Many homeowners complain that flowers do not set fruits on some of their trees and shrubs.

In many cases, the reason for non-bearing is that those plants are dioecious.

In dioecious plants, male flowers appear on one plant and female flowers on another.

To have fruits on dioecious plants, male and female plants must be grown within a reasonable distance of one another.

Although boy and girl plants need not necessarily be grown side by side, the closer the male and female plants stand to one another, the better the fruiting that may be expected.

Sometimes growers graft a male branch to a female plant or plant the two together in the same pot to ensure pollination.

Identification of dioecious plants is not difficult (male or female).

Fruiting plants are female.

Fruitless plants are not necessarily male because even mature female plants fail to bear fruits without a supply of the right kind of pollen at the right time.

Identification is easy at blooming time. (In certain species, identification requires a hand lens.)

Male flowers lack stigmas or have undeveloped stigmas.

On the other hand, female flowers have well developed ovaries and stigmas but not developed stamens.

For dioecious plants that bear fruits and nuts, you must have at least one male for every 3 to 7 females.

Plants like Viburnums and strawberries need the wind and some pollinators.

Monoecious plants (both male and female flowers) need help from the wind and pollinators.

You my have planted melons or squash in the past and wonder why there is little fruit produced. Pollen from the male flower must find a way to the fruit producing female.

Often you can help by using a cotton swab or a paint brush. Take the pollen from any other male flower and place it on the female's pistil.

This works no matter if there are two different species of squash (Butternut and Zucchini), cucumbers or watermelon.

Okay.......................

You may have learned a new word or two.

Now you can go to the nursery and throw a word at them and see if the Nurseyman knows his stuff.

Monoecious means a plant with both male and female flowers on it.

Dioecious Means male and female are on different plants and you need both plants to reproduce.

Most growers and nurseries will grow only male trees or shrubs if a species in considered invasive or the female flowers or fruits have a nasty oder or fruits cause a problem.

The ancient Ginko tree is an example where the fruits of the female have a foul oder so only males are grown.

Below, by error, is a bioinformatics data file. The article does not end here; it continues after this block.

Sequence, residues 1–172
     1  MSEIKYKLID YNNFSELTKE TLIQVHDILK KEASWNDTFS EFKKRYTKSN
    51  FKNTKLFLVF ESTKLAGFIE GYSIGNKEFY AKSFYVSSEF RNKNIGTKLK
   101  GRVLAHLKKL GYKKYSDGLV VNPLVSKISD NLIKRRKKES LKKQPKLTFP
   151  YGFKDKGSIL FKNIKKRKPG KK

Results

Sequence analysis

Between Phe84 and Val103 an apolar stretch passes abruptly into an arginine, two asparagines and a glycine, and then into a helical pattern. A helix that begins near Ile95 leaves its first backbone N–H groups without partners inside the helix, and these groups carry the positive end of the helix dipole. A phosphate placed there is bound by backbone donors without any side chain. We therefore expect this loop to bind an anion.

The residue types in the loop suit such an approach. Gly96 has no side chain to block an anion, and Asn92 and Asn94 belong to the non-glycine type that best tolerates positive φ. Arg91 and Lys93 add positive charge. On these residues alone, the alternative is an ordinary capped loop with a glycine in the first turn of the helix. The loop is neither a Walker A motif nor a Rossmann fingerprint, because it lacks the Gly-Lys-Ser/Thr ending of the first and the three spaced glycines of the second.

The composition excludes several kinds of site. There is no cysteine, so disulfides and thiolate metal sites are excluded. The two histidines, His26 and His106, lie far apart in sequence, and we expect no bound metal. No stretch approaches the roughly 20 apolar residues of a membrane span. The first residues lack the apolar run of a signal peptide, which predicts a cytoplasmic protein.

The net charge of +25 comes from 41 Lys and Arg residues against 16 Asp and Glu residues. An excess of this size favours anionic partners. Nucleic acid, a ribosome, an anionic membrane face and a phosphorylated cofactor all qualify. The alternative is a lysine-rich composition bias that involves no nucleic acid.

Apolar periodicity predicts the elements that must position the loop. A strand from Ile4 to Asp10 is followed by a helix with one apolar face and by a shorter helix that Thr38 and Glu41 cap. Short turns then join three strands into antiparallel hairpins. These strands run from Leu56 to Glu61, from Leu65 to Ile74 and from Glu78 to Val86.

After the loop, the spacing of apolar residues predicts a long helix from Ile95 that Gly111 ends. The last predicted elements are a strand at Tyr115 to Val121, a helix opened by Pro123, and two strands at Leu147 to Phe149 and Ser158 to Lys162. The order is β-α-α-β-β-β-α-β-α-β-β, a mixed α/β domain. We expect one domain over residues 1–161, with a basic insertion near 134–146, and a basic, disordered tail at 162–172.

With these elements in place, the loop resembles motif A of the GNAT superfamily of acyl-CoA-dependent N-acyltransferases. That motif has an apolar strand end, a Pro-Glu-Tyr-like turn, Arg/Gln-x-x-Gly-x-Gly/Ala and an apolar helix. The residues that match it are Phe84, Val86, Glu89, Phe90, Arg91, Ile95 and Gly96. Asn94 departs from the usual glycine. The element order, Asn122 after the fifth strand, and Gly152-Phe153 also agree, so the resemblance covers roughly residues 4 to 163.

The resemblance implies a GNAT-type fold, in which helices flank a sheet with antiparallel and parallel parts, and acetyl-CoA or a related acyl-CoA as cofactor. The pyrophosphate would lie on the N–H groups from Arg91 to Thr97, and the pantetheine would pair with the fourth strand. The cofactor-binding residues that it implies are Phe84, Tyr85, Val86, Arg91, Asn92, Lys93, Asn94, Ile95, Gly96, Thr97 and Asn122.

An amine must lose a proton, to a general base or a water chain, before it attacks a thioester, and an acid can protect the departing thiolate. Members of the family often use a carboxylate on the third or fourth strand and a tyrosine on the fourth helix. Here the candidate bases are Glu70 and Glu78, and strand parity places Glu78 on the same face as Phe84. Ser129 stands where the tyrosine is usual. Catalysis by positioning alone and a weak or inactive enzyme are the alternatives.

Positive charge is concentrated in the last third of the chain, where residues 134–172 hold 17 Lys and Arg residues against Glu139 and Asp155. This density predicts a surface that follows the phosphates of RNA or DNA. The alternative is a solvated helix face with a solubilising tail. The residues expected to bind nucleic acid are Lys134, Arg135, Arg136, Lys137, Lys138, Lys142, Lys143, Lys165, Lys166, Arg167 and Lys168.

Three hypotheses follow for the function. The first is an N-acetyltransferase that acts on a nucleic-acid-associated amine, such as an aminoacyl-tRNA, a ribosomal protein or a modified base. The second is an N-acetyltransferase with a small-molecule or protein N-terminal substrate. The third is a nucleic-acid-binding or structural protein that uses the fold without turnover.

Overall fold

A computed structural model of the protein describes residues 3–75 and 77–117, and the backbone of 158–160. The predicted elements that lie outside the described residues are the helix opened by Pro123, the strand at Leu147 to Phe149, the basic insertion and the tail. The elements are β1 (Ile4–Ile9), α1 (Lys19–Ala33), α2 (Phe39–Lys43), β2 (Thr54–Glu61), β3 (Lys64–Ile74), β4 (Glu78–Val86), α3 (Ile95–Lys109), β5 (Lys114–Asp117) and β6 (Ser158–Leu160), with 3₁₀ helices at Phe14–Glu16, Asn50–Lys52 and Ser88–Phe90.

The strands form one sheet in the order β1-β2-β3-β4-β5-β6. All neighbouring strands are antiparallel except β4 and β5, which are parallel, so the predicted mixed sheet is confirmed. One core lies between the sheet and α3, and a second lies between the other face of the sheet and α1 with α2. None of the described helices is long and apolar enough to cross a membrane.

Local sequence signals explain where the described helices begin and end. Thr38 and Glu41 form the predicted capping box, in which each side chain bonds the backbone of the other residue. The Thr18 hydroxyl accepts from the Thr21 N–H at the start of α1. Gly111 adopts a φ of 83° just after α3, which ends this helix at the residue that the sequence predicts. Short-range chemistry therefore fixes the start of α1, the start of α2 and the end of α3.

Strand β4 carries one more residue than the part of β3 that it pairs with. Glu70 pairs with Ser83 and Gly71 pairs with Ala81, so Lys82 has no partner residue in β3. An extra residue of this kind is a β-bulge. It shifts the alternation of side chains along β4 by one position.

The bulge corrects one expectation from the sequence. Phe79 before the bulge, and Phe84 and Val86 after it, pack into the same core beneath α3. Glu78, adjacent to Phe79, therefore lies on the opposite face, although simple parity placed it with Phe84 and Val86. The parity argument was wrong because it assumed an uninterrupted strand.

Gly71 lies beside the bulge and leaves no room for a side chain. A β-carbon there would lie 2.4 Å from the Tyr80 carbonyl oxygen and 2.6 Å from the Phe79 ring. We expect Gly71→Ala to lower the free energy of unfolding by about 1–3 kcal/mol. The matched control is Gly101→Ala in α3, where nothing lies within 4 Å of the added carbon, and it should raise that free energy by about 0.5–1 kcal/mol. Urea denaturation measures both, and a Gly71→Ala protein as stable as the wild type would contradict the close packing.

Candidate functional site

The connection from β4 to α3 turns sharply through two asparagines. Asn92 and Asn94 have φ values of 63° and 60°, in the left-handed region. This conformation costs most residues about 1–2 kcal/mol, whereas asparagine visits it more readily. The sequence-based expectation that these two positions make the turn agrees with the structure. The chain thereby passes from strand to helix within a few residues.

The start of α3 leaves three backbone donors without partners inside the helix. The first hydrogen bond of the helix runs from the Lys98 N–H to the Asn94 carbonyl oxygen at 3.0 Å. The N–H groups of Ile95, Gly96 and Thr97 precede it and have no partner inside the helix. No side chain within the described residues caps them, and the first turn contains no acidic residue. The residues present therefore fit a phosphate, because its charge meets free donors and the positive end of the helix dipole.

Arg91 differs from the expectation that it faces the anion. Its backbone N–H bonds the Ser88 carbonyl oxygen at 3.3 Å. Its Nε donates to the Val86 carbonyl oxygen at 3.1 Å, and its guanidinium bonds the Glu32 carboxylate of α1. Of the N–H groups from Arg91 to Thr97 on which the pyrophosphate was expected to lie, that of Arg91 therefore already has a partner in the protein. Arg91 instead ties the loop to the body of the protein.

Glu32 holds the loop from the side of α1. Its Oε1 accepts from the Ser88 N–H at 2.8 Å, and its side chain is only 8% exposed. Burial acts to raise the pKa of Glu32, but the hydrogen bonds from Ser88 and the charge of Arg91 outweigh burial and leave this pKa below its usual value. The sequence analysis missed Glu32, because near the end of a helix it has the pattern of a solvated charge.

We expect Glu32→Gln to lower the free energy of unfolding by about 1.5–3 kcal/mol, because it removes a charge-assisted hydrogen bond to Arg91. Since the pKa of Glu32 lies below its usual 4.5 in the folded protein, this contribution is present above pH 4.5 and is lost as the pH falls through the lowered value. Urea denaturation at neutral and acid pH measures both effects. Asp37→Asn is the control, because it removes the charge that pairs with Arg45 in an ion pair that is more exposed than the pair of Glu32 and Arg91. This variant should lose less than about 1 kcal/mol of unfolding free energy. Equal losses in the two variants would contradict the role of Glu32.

Fruits of Mulberry trees are often dropped or deposited by birds causing a nice stain where it lands. Unless you have a wild Mulberry, chances are that you purchased Mulberry tree is a male.

Here is a sample list (common names) of plants that are dioecious.

Maple, only some species, Box Elder, Florida Maple

American Bittersweet

Fringe Tree

Smoke Tree, Texas Pistache, most Sumacs

Sweetfern

Common Persimmon, Texas Persimmon

Ash Trees, White Ash, Black Ash, Green Ash, Pumpkin Ash

Hollies, Yaupon, Yerba Mate, Mountain Holly, Winterberry, Inkberry

Pinchot Juniper, Southern Red Cedar, Eastern Red Cedar

Spicebush

Texas Mulberry, Osage Orange, some Red Mulberry

Bayberry

Poplars, Aspens, Cottonwood

Willows




Well, That's it for this week.

If there is a topic you would like me to write on, feel free to drop me a line and I will do what I can. After all, it is your newsletter.

Here is your thought of the week.

I think laughter may be a form of courage. As humans we sometimes stand tall and look into the sun and laugh, and I think we are never more brave than when we do that.

Linda Ellerbee (1944- ) American Journalist

Laughter is courage?

Now that makes a person want to smile doesn't it?

Share your laughter and smiles this week.

Share them with friends, family and even strangers.

You just might make someone's day.

Until next time.




"Treat the earth well:

It was not given to you by your parents,

It was loaned to you by your children.

We do not inherit the Earth from our

Ancestors, we borrow it from our Children."

Ancient Indian Proverb

Your friend indeed,

Ron Patterson

PS. If you enjoy these letters, please forward them to friends, family and co-workers. Better yet, have them sign up so they can recieve their own letters.

Gardening For Wildlife.